To elucidate expression and regulation of CTLA-4 in mouse NK cells, we first monitored its expression by intracellular staining upon activation with IL-2. We did not detect CTLA-4 expression in freshly isolated splenic NK cells, but culture of NK cells in the presence of IL-2 resulted in an induction of CTLA-4 (Fig. 1A). We also confirmed expression of CTLA-4 mRNA in IL-2–activated, but not freshly isolated NK cells by qPCR (Fig. 1B). Expression of CTLA-4 protein increased over time during culture in IL-2 (Fig. 1C). In parallel, we observed that freshly isolated splenic NK cells expressed very low levels of CD28 (Fig. 1A). In concordance with previously published reports (21, 23, 24), culture in IL-2 led to its upregulation. The increase in CD28 surface expression and CTLA-4 intracellular levels occurred with similar kinetics (Fig. 1C) and was dependent on the dose of IL-2 present in the cultures (Fig. 1D). Of note, IL-2 activation of NK cells not only modulated expression of CD28/CTLA-4, it induced global changes in NK cell phenotype, including downregulation of activating receptors (NKp46, NK1.1, NKG2D), adhesion molecules (CD11b, ICAM-1), and B7-1 and B7-2 (Supplemental Fig. 1). As shown in Fig. 1E, CD28 expression also was upregulated on NK cells in the presence of IL-15, whereas, under our experimental conditions, the presence of IL-15 did not induce expression of CTLA-4.
In T cells, surface-exposed CTLA-4 is rapidly internalized and either degraded or recycled back to the cell surface (9). To investigate whether CTLA-4 protein can also be detected on the surface of NK cells, we stained IL-2–activated NK cells with the anti–CTLA-4 mAb at 37°C for 4 h, which enables labeling of surface-exposed CTLA-4 over the time period of incubation with mAb (27). Using this method, very small amounts of CTLA-4 protein were detectable on the cell surface of IL-2–activated NK cells (Fig. 1F).
Next, we aimed to identify additional stimuli regulating CTLA-4 and CD28 protein expression in IL-2–activated NK cells. CTLA-4 expression in NK cells was first observed 48 h after initiation of culture with IL-2 (data not shown). Upon addition of IL-12 and IL-18 to IL-2–supplemented NK cell cultures, a small percentage of CTLA-4–expressing NK cells was already detected after 24 h (Supplemental Fig. 2A). In NK cells expanded for 1 wk in IL-2, addition of IL-12 24 h before harvesting increased surface levels of CD28 and intracellular levels of CTLA-4 (Fig. 2A, 2B). Stimulation with IL-12 and IL-18 resulted in an upregulation of CTLA-4 expression, whereas CD28 was slightly reduced. On the contrary, the presence of TGF-β increased CD28 expression, while leading to a reduction in CTLA-4. Of note, addition of TGF-β significantly reduced CTLA-4 expression in NK cells, even in the presence of IL-12 and IL-18 (Fig. 2A, 2B). Upregulation of CTLA-4 and CD28 was detected 18 h after IL-12 addition and increased over time (Fig. 2C). Similarly, TGF-β–mediated downregulation of CTLA-4 was detected 18 h after cytokine addition to IL-2–supplemented cultures (Fig. 2C). An increase in CD28 and decrease in CTLA-4 expression also were observed in the presence of PMA and ionomycin, which activate protein kinase C and Ca2+ signaling, respectively (Supplemental Fig. 2B). Effects of added cytokines on CD28/CTLA-4 expression also were observed using NK cells generated from Rag2-deficient mice, ruling out the possibility that the observed changes were due to NKT or T cell contamination of our cultures. Taken together, our data show that different cytokines differentially regulate the expression of CD28 and CTLA-4 in IL-2–activated NK cells, which could potentially affect NK cell responses controlled by these receptors.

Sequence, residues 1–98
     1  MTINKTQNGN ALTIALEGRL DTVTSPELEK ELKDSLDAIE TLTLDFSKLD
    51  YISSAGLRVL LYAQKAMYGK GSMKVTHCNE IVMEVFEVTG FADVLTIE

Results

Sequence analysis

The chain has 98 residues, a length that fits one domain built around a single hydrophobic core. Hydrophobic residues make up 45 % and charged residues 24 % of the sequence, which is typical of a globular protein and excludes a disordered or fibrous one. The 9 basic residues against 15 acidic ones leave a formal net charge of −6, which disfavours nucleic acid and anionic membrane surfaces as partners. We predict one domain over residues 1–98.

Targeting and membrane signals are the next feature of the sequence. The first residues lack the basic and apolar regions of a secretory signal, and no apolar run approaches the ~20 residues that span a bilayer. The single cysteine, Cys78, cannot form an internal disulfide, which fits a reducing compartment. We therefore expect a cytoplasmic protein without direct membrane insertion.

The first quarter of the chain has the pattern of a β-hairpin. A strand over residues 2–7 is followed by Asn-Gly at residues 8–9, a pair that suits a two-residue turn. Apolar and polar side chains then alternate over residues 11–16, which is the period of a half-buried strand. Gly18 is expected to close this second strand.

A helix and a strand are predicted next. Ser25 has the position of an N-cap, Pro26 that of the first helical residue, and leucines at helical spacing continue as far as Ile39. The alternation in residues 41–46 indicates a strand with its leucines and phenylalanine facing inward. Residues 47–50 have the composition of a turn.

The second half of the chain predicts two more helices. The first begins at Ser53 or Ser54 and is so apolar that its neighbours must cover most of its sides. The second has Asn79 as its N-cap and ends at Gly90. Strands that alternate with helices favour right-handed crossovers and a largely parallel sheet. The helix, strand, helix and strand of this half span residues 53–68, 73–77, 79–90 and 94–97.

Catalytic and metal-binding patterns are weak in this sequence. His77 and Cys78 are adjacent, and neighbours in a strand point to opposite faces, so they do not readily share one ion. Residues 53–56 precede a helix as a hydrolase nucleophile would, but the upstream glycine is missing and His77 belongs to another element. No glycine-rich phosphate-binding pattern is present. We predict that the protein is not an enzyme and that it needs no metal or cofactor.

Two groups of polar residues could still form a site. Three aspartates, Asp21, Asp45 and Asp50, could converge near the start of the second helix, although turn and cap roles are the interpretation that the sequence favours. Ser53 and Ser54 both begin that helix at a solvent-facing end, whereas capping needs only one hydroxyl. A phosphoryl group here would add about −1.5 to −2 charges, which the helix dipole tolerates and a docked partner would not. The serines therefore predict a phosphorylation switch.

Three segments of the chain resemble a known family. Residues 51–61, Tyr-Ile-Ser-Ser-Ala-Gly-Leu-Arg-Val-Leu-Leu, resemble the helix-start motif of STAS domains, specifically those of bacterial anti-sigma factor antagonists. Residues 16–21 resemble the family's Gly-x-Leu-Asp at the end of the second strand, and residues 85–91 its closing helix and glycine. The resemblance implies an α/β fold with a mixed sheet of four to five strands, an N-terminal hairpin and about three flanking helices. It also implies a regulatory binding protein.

CTLA-4 expressed by NK cells inhibits IFN-γ production in response to B7-1